So far, the tales we've told have been about individuals dealing with their demons, but in this case, Patterson Hood sings about a family dealing with an alcoholic father. Why does daddy need a drink? When doesn't he? To deal with all the beauty (a great line). To deal with all the madness. To keep from blowing up. To calm down the badness. To keep the wheels from rubbing. To compensate for nothing. To hem in his demons. To hear through baby screaming. It never seems to end. Perhaps the saddest song on this whole mix because of the collateral damage done.

19 “Still Be Around” / Uncle Tupelo

Included because it contains one of the great sets of lyrics about the bottle. So good, I repeat them in their entirety:

When the Bible is a bottle

And the hardwood floor is home

When morning comes twice a day or not at all

If I break in two will you put me back together

When this puzzle's figured out will you still be around

To say you’ve just been there

Walking the line, upside down

20 “Here Comes a Regular” / The Replacements

“A person can work up a mean, mean thirst after a hard day of nothin’ much at all.” Westerberg’s melancholy masterpiece makes emptiness sound sadly beautiful in front of a backdrop of changing seasons.

21 “Hold Me Down” / Gin Blossoms

It gets no more tragic than this. Doug Hopkins drank himself out of the Gin Blossoms just as the band released its eventual smash-hit record, New Miserable Experience, in 1992. A little over a year later, he committed suicide. Ironically, the themes of desperation in his songs were the primary reason the record resonated with so many. These weren’t merely great pop songs—they were pop songs that said something important. “Hold Me Down” is an overt call for help housed in a great rock and roll song. The self-awareness was there, but time ran out and a great record is forever tainted by his loss.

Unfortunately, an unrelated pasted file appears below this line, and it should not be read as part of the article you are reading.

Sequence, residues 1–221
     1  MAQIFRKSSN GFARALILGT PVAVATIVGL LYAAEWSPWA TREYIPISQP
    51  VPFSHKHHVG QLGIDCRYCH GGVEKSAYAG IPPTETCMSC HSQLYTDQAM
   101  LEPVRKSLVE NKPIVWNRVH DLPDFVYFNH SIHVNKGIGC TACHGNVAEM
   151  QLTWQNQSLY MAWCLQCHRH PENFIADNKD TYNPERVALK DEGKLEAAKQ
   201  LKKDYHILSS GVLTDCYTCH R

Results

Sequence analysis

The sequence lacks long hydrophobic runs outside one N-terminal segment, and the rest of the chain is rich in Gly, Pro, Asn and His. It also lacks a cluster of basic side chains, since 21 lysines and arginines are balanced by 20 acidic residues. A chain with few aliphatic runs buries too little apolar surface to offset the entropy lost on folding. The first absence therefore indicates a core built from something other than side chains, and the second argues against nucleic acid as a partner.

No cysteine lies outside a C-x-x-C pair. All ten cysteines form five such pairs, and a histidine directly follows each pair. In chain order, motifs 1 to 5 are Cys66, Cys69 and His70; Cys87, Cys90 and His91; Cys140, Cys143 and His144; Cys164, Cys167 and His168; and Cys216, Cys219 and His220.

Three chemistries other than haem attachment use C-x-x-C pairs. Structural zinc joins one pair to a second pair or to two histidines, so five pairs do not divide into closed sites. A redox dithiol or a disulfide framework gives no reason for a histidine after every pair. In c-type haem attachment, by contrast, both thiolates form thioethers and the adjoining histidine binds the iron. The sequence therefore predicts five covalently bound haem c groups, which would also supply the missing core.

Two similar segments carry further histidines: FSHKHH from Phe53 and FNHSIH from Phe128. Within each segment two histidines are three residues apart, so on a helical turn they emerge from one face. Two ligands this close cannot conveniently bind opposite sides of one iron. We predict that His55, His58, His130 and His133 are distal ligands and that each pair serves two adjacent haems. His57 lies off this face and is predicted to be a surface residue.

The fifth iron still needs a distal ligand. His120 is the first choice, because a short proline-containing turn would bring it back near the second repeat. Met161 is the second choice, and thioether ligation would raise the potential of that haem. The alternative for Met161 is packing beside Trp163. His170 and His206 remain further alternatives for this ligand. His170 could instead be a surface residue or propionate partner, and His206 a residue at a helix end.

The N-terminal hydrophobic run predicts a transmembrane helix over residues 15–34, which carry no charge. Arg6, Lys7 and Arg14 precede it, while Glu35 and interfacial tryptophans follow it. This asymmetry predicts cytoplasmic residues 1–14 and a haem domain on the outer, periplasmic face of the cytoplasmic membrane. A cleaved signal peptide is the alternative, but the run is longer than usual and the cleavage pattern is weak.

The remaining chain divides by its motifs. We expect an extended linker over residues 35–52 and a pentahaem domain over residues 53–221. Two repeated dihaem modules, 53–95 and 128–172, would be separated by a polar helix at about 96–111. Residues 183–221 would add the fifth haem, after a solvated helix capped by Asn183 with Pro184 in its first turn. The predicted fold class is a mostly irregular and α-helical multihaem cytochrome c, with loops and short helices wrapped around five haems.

22 “Drinkin' Problem” / Lori McKenna

The first step on the road to recovery is admitting you have a problem. Finally, hope rears its head on our mix. Unglamorous indeed.

23 “Stop” / Ryan Adams & The Cardinals

This one is heavy, heavy stuff. “If you want to make it stop / Then stop.” Even for those without any personal exposure to someone with a drinking problem, it’s hard to listen. If you are in the middle of it, this could be positively unbearable.

24 “Drinker's Peace” / Guided By Voices

It’s only fair that Robert Pollard, one of the most prolific beer drinkers of the modern age, should get a chance to chime in before last call. This lo-fi hymn can be taken as his "My name is Bob” AA introduction speech or, more likely, a moving barstool confession. I particularly like the version he did at Chicago’s Metro during the band's “final” show, when he sang it smashed at an actual bar erected onstage. Now that's commitment.

25 “Drunk Like Son House” / Rob Jungklas